Connect with us

Hi, what are you looking for?



We Learn to Grow Crops in Saltwater

Just in time, too.

As climate change brings an increase in drought areas and rising sea levels we have to find a solution to soil salinity if our civilization is to survive.

Previous civilizations dependant on irrigation of dry soil have failed. The gradually increased salinity in irrigated dry soil has ended civilizations even though they solved the engineering and logistic problems of designing, building, and maintaining irrigation systems, but neglected the long-term effects of salinization.

We’ll have no choice but to learn to farm in salty water, as the next few centuries’ climate change dries up growing areas from California, Florida and the Middle East, to Africa and China and Australia – – and as seawater increasingly infiltrates crops on low-slung island nations.

So the research findings of a group of scientists from the University of Adelaide in Australia and Department of Plant Sciences at the University of Cambridge, UK. attempting to learn to grow crops in saltwater is very good news.

The team has succeeded in keeping salt out of the leaves of the first plant species tested:

“Helping plants to withstand this salty onslaught will have a significant impact on world food production,” says Professor Mark Tester, the leader of the team of international scientists working on the problem.

The researchers modified genes specifically around the plant’s water conducting “pipes” so that salt is removed from the transpiration stream before it gets to the shoot; using a new GM technique to contain salt in parts of the plant where it does less damage.

“This reduces the amount of toxic Na+ building up in the shoot and so increases the plant’s tolerance to salinity,” Professor Tester says.

“In doing this, we’ve enhanced a process used naturally by plants to minimize the movement of Na+ to the shoot. We’ve used genetic modification to amplify the process, helping plants to do what they already do – but to do it much better.”

The team is now in the process of applying this technology to basic crops such as rice, wheat and barley. The results of their work are published in the top international plant science journal, ‘The Plant Cell’.

“Our results in rice already look very promising,” Professor Tester says.

Via Seed Daily

Image from Ken Foto

I don't like paywalls. You don't like paywalls. Who likes paywalls? Here at CleanTechnica, we implemented a limited paywall for a while, but it always felt wrong — and it was always tough to decide what we should put behind there. In theory, your most exclusive and best content goes behind a paywall. But then fewer people read it! We just don't like paywalls, and so we've decided to ditch ours. Unfortunately, the media business is still a tough, cut-throat business with tiny margins. It's a never-ending Olympic challenge to stay above water or even perhaps — gasp — grow. So ...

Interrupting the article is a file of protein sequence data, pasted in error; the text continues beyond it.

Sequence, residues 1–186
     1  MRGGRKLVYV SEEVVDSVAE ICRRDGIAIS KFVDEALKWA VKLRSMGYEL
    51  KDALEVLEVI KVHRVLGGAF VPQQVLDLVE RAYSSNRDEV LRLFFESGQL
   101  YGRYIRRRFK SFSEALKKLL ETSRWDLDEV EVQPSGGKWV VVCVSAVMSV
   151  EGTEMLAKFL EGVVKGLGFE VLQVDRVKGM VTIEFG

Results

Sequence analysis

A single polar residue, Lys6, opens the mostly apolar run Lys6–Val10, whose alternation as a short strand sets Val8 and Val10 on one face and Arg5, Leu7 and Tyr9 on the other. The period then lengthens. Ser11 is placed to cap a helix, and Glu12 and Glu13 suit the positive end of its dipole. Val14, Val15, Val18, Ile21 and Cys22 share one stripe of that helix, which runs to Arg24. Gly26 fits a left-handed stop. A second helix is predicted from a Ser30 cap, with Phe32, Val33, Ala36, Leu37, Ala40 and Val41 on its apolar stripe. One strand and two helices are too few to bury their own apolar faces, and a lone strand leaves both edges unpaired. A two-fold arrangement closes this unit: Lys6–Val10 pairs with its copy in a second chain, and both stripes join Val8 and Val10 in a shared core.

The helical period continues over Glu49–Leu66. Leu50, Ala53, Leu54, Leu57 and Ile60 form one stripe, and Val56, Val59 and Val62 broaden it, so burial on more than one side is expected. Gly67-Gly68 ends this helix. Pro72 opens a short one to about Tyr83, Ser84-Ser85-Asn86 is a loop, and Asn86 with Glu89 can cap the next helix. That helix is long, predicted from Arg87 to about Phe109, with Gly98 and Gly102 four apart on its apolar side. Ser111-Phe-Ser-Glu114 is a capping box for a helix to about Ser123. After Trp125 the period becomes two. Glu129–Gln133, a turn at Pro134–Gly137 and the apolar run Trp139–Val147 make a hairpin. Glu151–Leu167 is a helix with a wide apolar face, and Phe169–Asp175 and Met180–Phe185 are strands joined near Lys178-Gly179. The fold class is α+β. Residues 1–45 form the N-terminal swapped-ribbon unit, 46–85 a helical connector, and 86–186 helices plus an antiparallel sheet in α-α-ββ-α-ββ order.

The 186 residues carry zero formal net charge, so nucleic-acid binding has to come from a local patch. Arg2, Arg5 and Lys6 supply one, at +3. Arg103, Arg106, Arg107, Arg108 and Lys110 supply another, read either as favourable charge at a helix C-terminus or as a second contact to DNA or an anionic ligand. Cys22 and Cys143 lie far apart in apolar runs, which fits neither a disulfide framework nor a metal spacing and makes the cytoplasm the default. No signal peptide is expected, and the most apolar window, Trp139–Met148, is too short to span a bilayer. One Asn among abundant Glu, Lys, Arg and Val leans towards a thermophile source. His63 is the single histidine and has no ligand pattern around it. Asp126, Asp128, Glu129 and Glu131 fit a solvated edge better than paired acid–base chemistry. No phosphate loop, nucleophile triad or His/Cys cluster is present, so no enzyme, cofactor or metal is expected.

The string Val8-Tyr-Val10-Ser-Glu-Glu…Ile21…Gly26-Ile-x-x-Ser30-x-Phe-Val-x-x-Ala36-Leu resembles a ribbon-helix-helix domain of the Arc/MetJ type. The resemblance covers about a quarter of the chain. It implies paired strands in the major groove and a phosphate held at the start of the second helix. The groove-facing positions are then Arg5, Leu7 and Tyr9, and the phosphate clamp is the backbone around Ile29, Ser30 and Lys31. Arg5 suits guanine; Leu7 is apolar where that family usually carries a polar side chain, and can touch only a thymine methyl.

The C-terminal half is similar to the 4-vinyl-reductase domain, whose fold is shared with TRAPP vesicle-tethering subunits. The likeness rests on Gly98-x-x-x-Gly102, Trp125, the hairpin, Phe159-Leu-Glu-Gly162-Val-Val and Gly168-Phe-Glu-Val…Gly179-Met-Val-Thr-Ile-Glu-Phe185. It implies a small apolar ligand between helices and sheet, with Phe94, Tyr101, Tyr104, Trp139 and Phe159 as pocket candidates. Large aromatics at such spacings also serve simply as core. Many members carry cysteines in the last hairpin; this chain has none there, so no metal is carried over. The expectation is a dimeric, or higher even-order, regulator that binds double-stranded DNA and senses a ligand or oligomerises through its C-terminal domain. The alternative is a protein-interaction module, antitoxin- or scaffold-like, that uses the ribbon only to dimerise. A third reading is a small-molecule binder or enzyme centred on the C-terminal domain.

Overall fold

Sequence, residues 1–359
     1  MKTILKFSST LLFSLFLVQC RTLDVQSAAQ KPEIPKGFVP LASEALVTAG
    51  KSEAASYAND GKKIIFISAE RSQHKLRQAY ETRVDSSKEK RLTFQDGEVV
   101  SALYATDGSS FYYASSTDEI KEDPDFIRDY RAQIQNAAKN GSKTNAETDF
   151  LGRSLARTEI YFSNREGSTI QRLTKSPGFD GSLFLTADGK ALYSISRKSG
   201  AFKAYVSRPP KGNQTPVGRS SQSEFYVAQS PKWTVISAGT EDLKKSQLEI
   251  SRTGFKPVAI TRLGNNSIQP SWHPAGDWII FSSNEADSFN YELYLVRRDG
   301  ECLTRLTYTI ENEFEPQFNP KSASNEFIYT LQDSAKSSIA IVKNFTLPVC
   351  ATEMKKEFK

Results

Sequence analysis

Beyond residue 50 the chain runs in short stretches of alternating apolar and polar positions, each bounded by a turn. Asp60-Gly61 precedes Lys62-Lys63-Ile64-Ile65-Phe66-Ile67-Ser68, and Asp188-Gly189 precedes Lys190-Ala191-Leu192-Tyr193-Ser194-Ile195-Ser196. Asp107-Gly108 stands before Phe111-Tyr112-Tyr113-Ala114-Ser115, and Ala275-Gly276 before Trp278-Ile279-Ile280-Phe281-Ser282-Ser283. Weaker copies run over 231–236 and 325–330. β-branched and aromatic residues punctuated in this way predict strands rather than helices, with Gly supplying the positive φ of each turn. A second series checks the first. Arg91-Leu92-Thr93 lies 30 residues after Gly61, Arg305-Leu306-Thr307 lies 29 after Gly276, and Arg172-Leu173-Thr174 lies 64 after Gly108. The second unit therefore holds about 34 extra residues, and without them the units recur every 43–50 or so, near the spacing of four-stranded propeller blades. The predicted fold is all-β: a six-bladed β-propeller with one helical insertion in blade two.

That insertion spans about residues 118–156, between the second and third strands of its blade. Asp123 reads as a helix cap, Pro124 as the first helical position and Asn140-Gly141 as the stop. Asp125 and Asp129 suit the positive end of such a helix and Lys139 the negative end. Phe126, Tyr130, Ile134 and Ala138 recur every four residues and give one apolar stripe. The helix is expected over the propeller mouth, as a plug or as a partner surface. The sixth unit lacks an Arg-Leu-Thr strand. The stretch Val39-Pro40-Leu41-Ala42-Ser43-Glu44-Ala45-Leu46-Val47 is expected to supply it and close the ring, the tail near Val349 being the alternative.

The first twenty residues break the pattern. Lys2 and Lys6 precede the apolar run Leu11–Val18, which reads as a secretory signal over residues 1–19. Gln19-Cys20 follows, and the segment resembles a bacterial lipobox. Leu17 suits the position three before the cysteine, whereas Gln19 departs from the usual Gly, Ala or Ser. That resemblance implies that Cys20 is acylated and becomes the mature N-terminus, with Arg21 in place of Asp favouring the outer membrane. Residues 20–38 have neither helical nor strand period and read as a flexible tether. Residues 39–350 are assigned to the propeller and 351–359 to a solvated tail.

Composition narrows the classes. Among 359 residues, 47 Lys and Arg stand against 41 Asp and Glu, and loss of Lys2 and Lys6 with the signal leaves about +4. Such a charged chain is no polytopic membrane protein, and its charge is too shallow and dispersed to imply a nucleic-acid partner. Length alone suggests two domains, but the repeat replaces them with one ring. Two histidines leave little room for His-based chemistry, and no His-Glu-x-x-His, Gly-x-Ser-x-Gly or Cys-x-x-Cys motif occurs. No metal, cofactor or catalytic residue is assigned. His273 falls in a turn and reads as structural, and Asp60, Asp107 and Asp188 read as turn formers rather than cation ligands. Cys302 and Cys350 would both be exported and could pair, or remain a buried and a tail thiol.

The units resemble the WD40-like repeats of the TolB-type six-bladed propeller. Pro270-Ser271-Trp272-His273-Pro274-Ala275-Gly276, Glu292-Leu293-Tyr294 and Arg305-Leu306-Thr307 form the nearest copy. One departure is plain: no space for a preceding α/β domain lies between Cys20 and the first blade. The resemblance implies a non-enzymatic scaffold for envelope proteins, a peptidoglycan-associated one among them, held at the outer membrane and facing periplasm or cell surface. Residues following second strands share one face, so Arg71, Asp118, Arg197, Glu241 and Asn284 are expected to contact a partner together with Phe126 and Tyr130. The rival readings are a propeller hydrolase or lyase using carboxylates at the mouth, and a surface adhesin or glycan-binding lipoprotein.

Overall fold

If you like what we do and want to support us, please chip in a bit monthly via PayPal or Patreon to help our team do what we do! Thank you!
Sign up for daily news updates from CleanTechnica on email. Or follow us on Google News!

Have a tip for CleanTechnica, want to advertise, or want to suggest a guest for our CleanTech Talk podcast? Contact us here.

Written By

writes at CleanTechnica, CSP-Today and Renewable Energy World.  She has also been published at Wind Energy Update, Solar Plaza, Earthtechling PV-Insider , and GreenProphet, Ecoseed, NRDC OnEarth, MatterNetwork, Celsius, EnergyNow, and Scientific American. As a former serial entrepreneur in product design, Susan brings an innovator's perspective on inventing a carbon-constrained civilization: If necessity is the mother of invention, solving climate change is the mother of all necessities! As a lover of history and sci-fi, she enjoys chronicling the strange future we are creating in these interesting times.    Follow Susan on Twitter @dotcommodity.


You May Also Like

Clean Power

A major collaboration between universities and energy companies has made vital improvements to offshore wind turbines, which could help them generate more renewable energy...

Clean Power

Steel, like concrete, is such an integral part of our world that we rarely notice it. From wherever you are reading this, I guarantee...


Farmers don't buy spraying drones or hire drone spraying services because of the environmental benefits, of course. They don't need to justify the use...


We've already manufactured an awful lot of steel. There are hundreds of billions of tons of the stuff lying around, much of it obsolete.

Copyright © 2023 CleanTechnica. The content produced by this site is for entertainment purposes only. Opinions and comments published on this site may not be sanctioned by and do not necessarily represent the views of CleanTechnica, its owners, sponsors, affiliates, or subsidiaries.